- Thursday, Mar. 10, 2016
As commercial casting directors, it’s not often that we have the opportunity to work on a project with which we have a deep, personal connection. It’s more likely we have some basic knowledge of the products we cast for, or if we’re lucky, we might have the familiarity of using them in our daily lives. A genuine life-changing connection with a product we work on is rare, but that is precisely the experience I recently had and was able to use to the benefit of the job.
Last year, I was diagnosed with advanced aggressive breast cancer. The initial diagnosis was probable stage 4. The doctors believed it had spread to my liver. I started treatments right away but lived for months with the belief that my chances of remission were slim.
Thankfully, later tests revealed that the initial diagnosis was incorrect. My cancer was only ‘locally advanced’. I finished my treatments and am glad to say I am in full remission and healthier than ever.
As serendipity would have it, just after my treatments ended, I was asked to cast a commercial for one of the very pharmaceuticals that had literally saved my life. In the spot, our Hero character has just had her first chemo treatment and is feeling its effects. I could relate.
During my cancer ordeal, I was very private about my status. Only my family and close friends knew what I was going through. But when I had the chance to cast for this product, I realized that by gathering my courage and ‘coming out,’ I had an opportunity to use that experience to enrich my own creativity and work with talent on a deeper level.
It was powerful to stand in a casting lobby full of top-notch actors and share my personal story of what going through cancer and taking this particular medicine felt like. I was able to convey physical and emotional nuances that I would have never thought of, had I not gone through it myself. The actors, being some of the best in the business, took the direction and ran with it. Many of them continued to ask questions about the physicalities and inner life of a person in that position. The results were wonderful and my clients were thrilled. By opening my personal life to the actors, they had been able to create more authentic, honest performances.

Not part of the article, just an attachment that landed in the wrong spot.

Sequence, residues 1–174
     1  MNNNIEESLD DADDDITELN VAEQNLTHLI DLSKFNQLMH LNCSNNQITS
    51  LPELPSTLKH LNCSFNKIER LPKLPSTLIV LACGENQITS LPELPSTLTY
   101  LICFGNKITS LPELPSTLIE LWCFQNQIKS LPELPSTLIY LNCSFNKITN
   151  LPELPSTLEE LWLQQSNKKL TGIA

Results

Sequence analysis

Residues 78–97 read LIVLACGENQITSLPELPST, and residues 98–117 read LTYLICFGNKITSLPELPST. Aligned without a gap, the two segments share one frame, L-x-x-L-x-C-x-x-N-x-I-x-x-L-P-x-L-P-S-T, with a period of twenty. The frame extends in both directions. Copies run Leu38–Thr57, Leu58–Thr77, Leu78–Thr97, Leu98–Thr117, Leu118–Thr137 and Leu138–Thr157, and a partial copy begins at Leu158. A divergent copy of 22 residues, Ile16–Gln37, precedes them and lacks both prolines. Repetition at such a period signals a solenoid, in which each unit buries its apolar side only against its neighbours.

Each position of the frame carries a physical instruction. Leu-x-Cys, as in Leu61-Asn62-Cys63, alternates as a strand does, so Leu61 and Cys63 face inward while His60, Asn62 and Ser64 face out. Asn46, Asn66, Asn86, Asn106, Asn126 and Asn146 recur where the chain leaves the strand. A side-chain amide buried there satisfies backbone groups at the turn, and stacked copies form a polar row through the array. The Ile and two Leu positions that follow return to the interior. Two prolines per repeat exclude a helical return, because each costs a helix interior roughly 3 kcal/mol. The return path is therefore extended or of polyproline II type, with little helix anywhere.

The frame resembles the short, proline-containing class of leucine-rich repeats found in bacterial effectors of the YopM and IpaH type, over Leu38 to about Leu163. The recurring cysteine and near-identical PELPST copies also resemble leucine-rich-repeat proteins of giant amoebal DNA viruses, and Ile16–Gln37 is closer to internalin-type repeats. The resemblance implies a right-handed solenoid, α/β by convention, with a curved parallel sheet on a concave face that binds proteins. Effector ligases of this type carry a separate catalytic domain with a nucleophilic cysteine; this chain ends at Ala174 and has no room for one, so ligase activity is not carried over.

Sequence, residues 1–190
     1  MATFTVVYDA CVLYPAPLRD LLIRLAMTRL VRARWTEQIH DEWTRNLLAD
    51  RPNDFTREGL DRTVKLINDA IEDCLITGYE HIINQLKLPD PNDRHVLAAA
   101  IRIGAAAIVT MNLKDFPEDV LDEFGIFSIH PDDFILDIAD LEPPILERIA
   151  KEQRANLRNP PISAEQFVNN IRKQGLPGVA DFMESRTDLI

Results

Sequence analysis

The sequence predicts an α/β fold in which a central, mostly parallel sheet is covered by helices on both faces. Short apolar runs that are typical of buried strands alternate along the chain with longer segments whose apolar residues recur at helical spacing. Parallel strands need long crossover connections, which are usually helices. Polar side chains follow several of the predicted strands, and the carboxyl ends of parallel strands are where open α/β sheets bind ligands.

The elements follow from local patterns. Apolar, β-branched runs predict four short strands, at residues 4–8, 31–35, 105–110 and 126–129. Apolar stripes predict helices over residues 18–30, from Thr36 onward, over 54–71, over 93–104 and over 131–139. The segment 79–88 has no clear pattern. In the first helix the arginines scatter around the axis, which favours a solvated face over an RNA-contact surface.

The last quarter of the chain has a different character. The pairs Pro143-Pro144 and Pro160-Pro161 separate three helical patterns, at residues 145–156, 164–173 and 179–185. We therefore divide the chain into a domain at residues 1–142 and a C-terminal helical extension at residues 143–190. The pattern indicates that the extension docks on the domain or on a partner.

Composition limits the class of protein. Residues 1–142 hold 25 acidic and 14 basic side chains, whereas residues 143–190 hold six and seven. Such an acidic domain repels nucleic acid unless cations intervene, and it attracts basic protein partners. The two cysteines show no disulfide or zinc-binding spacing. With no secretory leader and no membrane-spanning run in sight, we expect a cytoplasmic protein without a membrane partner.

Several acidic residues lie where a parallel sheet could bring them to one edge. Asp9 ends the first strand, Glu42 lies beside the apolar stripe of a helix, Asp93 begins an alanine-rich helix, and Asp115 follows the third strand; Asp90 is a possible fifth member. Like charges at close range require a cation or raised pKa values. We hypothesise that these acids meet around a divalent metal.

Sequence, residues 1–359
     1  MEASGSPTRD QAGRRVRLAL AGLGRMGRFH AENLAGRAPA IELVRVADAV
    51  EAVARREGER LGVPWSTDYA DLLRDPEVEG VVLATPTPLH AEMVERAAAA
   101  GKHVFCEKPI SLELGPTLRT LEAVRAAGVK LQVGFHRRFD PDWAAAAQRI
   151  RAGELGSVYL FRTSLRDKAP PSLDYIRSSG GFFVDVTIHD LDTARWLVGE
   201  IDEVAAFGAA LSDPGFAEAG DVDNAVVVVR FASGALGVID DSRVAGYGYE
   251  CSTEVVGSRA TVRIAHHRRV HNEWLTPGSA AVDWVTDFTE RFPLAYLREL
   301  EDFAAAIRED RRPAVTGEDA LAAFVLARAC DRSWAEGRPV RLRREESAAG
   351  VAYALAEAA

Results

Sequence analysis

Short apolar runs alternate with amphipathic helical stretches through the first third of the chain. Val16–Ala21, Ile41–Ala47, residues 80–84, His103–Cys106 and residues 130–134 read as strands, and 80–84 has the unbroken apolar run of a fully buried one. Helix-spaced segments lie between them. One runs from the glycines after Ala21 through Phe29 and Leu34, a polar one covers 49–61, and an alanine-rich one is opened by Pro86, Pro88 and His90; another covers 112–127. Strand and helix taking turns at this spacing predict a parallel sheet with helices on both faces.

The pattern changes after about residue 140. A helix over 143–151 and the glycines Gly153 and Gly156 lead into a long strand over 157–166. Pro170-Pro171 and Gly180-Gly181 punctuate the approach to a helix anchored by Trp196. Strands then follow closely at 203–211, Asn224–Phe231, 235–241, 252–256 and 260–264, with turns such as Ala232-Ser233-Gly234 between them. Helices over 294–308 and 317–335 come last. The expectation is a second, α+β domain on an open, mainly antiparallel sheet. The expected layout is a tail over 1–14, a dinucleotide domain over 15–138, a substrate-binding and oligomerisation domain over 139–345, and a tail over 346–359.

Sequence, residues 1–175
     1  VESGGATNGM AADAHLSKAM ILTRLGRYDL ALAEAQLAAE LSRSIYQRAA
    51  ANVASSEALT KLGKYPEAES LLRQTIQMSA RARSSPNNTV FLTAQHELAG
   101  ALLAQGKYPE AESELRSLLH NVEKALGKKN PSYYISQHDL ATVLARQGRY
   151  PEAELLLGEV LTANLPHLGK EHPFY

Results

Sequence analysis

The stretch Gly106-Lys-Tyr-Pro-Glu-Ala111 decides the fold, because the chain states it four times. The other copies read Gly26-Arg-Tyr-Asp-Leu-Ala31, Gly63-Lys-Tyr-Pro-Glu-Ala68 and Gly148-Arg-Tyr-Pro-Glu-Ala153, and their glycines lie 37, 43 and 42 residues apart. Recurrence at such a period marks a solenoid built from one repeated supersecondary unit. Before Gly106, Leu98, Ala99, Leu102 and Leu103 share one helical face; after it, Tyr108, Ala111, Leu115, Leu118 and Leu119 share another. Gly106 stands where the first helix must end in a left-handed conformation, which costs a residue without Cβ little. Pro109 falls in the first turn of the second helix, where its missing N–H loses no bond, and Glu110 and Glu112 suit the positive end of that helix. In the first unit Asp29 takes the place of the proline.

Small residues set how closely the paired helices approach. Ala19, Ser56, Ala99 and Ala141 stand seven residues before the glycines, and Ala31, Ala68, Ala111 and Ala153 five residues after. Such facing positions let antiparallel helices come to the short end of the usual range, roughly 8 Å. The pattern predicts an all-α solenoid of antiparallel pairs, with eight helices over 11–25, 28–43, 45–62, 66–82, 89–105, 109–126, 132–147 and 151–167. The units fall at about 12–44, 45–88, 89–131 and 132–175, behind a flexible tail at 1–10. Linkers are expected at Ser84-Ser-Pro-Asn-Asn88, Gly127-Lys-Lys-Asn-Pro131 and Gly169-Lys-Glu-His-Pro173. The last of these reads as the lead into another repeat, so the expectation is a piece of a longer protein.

This approach can get great results with real people interviews as well. One example, albeit much less dramatic, was with a weight loss program that I cast for many years. Weight issues can be very challenging, even embarrassing for people to talk about. I found that by starting a conversation with the real people off-camera and openly admitting to my own ongoing challenges with weight, I was quickly able to form a bond with them. By the time I started recording the interview, they were relaxed, comfortable and thoroughly enjoying the experience. They hardly seemed to notice that the camera was on. We were just a couple of friends talking about a shared struggle. The results were tremendously successful.
We commercial casting directors standardly use the director’s treatment, our conversations with the director and clients, and the scripts themselves to guide us in directing and interviewing the talent and real people we audition. While often the scripts that come across our desks don’t lend themselves to much personal connection, there are situations where reaching into our own lives can be another avenue of pushing the boundaries of our creativity and giving our clients an even better quality product. Certainly, with many real people testimonial style projects, that holds true. We can take a page from our favorite ‘method’ actor’s notebook by creating own brand of ‘method casting’. And it doesn’t have to be so dramatic as a cancer diagnosis. From birth control to banking, if we look, we might find new and more connected ways to direct our sessions. It can feel vulnerable and even a bit scary to open up our personal lives to the talent, real people or clients we work with; however that may be precisely the risk-taking that can help our actors and real people bring their best and most honest selves to the table, hence bringing our best as well.